Posted: Mon Oct 16, 2017 8:12 pm
by The Twizzler
Thanks for the help Woodsghost. Yea, those nylon liners are a god send. I bought them off amazon and they are worth every penny. They weren't even expensive. Last year I went camping around the same time and made some equipment mistakes. I made adjustments and am gonna be better prepared but with my size feet it's pricey for shoes and hit or miss on fit. I could order online but for obvious reasons I prefer to try on a hiking shoe before buying.

Re: Camping Boots

Posted: Tue Oct 17, 2017 4:39 pm
by woodsghost
Ok. With that kind of experience, it makes more sense why you want boots.

In short, my boots experience is limited.

My wife loves Keens, and I seem to remember Woods Walker saying he really likes them. He will have to correct me if I'm wrong.

I love USMC RAT boots. I own 3 pairs, one of which I've worn out. I buy them super cheap. Honestly, they were overkill and I was not using them as designed or to their full potential until I started doing 2-6 hours on my feet with 50-65 lbs on my back. Then I had to learn to lace them right and learn what exactly "foot support" really means. Prior to that I could have worn athletic shoes and been just fine. But I wore boots and wore them wrong and did just fine because there was no real stress.

I used to wear super cheap no name boots from surplus stores and thought they were great. They worked well because I never put real stress on them. I thought I did, but I now understand they were light duty boots. More like extra tall tennis shoes. In my experience, there is a world of difference between 3-6 miles with 20 lbs and 6 miles with 60 lbs. The latter really requires support.

But then every body is different.

In my experience anything by Danner is worth getting. My experience with another big name is less happy, but I only bought the one set of boots from them, so maybe I got a lemon.

These are just my limited experiences and loud opinions.

Re: Camping Boots

Posted: Tue Oct 17, 2017 5:23 pm
by Beowolf
I'm a Merrell boot fan for about anything hiking related. Sale prices can get to your $100 mark, though perhaps not with your size needs.

The only other boot I have experience with is Magnum. I swear by them as affordable, effective, and mostly budget friendly. They are more along the lines of industrial/work boots and tactical/duty boots. But they have waterproof and insulated models from low top to 8" shank.

Re: Camping Boots

Posted: Wed Oct 18, 2017 7:36 am
by Asymetryczna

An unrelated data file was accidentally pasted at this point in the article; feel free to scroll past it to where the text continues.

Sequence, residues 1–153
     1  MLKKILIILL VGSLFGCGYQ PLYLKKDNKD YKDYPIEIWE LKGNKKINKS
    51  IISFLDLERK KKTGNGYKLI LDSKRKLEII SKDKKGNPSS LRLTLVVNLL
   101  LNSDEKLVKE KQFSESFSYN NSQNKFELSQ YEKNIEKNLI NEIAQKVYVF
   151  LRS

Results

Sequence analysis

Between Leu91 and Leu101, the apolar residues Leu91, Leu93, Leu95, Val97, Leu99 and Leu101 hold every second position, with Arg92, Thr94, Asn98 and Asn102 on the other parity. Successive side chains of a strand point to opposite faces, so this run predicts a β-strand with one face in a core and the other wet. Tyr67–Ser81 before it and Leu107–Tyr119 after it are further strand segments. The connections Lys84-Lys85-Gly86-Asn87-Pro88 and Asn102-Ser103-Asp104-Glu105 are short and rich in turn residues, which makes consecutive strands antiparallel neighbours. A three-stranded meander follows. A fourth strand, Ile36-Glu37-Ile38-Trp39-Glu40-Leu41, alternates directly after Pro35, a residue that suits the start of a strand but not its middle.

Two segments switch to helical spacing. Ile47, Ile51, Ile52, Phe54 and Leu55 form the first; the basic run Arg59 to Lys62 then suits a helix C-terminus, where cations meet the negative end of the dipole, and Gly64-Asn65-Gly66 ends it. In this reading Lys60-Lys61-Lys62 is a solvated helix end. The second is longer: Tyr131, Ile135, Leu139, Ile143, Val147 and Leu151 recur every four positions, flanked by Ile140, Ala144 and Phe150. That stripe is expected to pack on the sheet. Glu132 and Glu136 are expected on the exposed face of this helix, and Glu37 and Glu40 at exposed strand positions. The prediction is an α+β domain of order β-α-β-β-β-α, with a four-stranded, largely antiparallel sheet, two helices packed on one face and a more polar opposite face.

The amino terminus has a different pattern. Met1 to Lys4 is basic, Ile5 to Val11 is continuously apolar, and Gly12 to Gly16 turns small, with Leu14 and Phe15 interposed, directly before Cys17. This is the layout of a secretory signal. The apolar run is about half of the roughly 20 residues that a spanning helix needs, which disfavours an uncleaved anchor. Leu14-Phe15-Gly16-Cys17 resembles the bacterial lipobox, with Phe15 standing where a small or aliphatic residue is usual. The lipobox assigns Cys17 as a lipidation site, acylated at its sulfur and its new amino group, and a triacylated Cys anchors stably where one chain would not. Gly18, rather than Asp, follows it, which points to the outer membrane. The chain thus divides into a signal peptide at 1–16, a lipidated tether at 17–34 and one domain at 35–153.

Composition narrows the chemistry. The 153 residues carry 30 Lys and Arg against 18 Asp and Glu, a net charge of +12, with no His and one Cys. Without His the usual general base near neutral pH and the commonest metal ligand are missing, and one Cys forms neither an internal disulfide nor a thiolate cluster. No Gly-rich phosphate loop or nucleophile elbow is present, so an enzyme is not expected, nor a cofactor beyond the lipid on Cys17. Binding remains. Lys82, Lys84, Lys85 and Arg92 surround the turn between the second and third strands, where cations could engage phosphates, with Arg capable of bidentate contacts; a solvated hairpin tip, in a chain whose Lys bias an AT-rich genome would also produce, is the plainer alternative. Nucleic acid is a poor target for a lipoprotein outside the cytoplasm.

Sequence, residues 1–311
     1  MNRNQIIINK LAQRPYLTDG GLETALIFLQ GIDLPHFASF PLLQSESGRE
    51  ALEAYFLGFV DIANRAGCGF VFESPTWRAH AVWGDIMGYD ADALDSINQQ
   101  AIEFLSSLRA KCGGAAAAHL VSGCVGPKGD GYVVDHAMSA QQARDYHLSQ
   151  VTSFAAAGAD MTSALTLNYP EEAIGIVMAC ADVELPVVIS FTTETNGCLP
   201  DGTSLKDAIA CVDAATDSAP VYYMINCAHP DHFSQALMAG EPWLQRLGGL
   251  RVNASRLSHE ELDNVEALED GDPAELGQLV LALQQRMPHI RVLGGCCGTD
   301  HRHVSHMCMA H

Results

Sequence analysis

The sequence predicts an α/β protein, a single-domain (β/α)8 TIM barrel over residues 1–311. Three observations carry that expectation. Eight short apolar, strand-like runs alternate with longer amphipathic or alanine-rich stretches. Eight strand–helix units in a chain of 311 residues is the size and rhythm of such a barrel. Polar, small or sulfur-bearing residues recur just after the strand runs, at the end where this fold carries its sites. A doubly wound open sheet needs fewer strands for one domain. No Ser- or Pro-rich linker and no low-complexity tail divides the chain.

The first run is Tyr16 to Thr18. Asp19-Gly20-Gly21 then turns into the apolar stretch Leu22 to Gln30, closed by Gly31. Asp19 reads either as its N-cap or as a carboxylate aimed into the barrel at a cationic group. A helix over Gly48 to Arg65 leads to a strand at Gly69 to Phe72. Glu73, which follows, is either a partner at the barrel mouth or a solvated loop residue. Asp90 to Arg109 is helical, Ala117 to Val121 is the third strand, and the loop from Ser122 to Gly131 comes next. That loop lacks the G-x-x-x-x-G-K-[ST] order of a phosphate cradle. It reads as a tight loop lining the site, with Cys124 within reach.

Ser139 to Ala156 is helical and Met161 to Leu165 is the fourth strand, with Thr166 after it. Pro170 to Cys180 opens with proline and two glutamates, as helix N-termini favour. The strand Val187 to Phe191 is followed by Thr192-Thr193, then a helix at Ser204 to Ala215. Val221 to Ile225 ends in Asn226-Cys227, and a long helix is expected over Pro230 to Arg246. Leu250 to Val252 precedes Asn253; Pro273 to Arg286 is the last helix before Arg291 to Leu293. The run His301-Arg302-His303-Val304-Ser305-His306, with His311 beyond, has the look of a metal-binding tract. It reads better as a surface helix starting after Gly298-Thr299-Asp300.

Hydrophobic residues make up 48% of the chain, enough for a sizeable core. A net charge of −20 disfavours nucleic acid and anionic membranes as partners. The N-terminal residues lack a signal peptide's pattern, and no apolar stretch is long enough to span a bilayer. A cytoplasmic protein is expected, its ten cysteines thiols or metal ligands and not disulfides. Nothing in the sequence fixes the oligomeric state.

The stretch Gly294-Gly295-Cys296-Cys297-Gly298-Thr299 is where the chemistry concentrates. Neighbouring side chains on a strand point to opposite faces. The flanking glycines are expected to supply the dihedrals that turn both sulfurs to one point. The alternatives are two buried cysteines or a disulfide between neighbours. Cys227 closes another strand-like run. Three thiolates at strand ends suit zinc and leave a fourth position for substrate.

I admit I laughed at first when I read on a forum about preparations for survival or potential nasty situations and you asked about what to wear for 2 days of camping. Additionally, the mention of your shoe size made me want to encourage you to not go barefoot in Ten. because someone may come across your track (15/EEEE) and want to make a reality TV Show about Bigfoot sightings. Then I realized you were serious. So. I will be too. Either you are a hobbit or you are a big man. I mean no harm or ill will with my bluntness; read on.

I'm thinking you probably have a difficult time finding shoes that you like in your size to begin with since production and sales are based on a mean determined by averages across regions. And sales. That out of the way, New Balance makes some great walking shoes that fit well and can be worn across uneven terrain and are within your price range. Worn with a thick sock over the calf and laced properly, I think you would enjoy the comfort and fit. I have a very largish schoolteacher friend that did a long and muddy canal walk with me last year. He really liked these: so I texted him after reading your email and asked him if he ever bought a pair of boots. He is 14 EE. This is the link he replied with: ... 012126.htm. He said to order a half size larger.

You already have the liner and absorbent outer sock part. Personally, I never use powder until I have stopped movement. For instance, if I am in camp the rest of the day I will use powder, if needed, and a dry sock; otherwise, it acts as an abrasive irritant. Because my feet sweat a lot, if I am doing a long movement and carrying weight I use Vaseline. This wicks the moisture into the liner and outer sock while conforming them into whatever shape your foot needs inside of the shoe. The most important thing in trying them out before you go is to stop and fix whatever bothers you because there are few things worse than trying to tough it out when your feet hurt.

Slipping and sliding is no fun so consider the soles but also be mindful of where and how you place your foot. I also suggest finding a good branch with some life in it and cutting it to serve as a staff. I almost always carry one and if it serves me well I bring it home and add it to the collection. Think of it this way: One never sees Gandalf slip or slide and consider the things Moses was able to do.

The problem I have with clothing (and shoes especially) is that I prefer to try them on first. In fact, I have a strong bias in this regard. The internet links I provided does not make this easy.

Seriously, I hope this helps some. Walking is important to me.